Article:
Punches have to land between the waist and neck, but when it comes to kicking, the whole body — including the head — is fair game in taekwondo
Taekwondo requires all kinds of toughness. The sport demands power, precision, balance and discipline while two combatants kick and punch each other. On top of the physical aspect, mental toughness is a key component.
Athletes need tremendous mental focus. They are out on the mats by themselves without a coach or trainer. While they can prepare for a fight beforehand, strategies change on the fly and the only person who can help the athlete in the "ring" is him or herself. This is where the power of concentration developed by martial arts training comes into play.
On the mat
The taekwondo competition area is a two-colour mat measuring 12 metres square. The competition takes place on a 10x10m inner square, called the contest area, while the red outer part of the mat is called the alert zone.
Before the match, the athletes bow to each other to signal respect. The referee starts the match by saying "Joon-bi" (ready) and "shi-jak" (start).
The action unfolds over three rounds lasting two minutes. Two combatants – "Chung" (blue) and "Hong" (red) – go at each other with kicks and punches, taking a one-minute breather between rounds, where they can confer with their coach and change strategies if necessary.
After the match, the competitors face each other again in the competition area and exchange a bow at the referee's command. They then wait for the referee's signal; the referee will raise one arm towards the victorious athlete in order to indicate a victory. A win can also be declared when there is a knockout, when the referee stops the contest by virtue of a 7 point gap or a 12 point ceiling, or when a competitor is disqualified.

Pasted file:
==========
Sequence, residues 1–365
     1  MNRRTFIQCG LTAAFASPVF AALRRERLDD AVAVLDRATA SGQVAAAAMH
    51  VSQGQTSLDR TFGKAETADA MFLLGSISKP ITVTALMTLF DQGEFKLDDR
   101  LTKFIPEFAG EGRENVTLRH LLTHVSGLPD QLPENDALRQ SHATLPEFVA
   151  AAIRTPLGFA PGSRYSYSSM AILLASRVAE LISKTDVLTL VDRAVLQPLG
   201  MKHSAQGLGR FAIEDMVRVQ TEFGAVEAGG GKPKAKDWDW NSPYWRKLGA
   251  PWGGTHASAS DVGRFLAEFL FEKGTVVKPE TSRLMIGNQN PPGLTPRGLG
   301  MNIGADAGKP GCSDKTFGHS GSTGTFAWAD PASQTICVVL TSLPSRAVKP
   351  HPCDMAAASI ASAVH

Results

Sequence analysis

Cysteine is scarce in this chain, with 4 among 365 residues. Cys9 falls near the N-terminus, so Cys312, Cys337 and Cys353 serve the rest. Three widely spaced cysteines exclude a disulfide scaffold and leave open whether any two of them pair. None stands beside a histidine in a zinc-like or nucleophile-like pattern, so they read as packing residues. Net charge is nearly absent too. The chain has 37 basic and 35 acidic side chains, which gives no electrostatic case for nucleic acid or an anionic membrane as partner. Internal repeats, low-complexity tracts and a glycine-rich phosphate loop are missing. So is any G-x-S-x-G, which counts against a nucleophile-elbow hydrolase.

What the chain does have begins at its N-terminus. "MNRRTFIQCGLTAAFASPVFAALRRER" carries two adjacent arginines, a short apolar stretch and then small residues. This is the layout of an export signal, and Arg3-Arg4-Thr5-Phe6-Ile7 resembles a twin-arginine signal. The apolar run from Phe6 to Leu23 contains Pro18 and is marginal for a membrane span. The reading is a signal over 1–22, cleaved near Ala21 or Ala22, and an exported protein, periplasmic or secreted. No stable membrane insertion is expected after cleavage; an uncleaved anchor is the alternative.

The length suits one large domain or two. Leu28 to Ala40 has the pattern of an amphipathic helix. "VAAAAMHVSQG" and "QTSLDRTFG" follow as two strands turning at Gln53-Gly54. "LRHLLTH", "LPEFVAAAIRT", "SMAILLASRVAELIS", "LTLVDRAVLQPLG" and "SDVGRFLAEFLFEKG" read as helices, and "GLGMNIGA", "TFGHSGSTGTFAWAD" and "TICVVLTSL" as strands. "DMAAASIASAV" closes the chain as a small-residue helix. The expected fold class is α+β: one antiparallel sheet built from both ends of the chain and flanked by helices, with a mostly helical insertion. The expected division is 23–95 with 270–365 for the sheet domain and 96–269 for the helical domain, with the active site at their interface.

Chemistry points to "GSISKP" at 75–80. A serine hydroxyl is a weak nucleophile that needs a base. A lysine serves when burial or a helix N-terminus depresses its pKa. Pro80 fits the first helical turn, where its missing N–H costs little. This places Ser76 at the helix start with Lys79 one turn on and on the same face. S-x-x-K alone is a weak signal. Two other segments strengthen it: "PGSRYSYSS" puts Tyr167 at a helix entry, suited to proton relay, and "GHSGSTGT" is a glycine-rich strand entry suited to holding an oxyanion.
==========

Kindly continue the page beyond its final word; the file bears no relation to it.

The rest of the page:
A referee oversees the match, which is scored by three judges. As in judo, points are awarded for each successful attack that is executed with the proper balance, power and technique. This means that a punch or kick must be sufficiently powerful to either move or stop an opponent, while the attacker maintains good balance and form.
You can't just kick and flail anywhere at your opponent. To score a point, the blow must land on specific target areas. Punches have to hit the front of the body between the waist and the base of the neck (excluding the throat). The target area for foot attacks includes the head, as well as the body.
"In the movies, what you see is some sort of violence or self-defense, and taekwondo is a self-defense martial art, but it is more than that," says David Silverman of the Ontario Taekwondo Association. "It has dexterity, technique and power. It's not about the brute force, but the dynamics that make our sport beautiful."
If a combatant staggers or falls after receiving a blow to the head, the referee will stop the match and resume it after an 8-second count. If an 8-second count is reached after a head shot, the attacking athlete is automatically given a third point. If one of the fighters can't continue, his or her opponent is given the victory by knockout. Otherwise, the outcome is decided on points.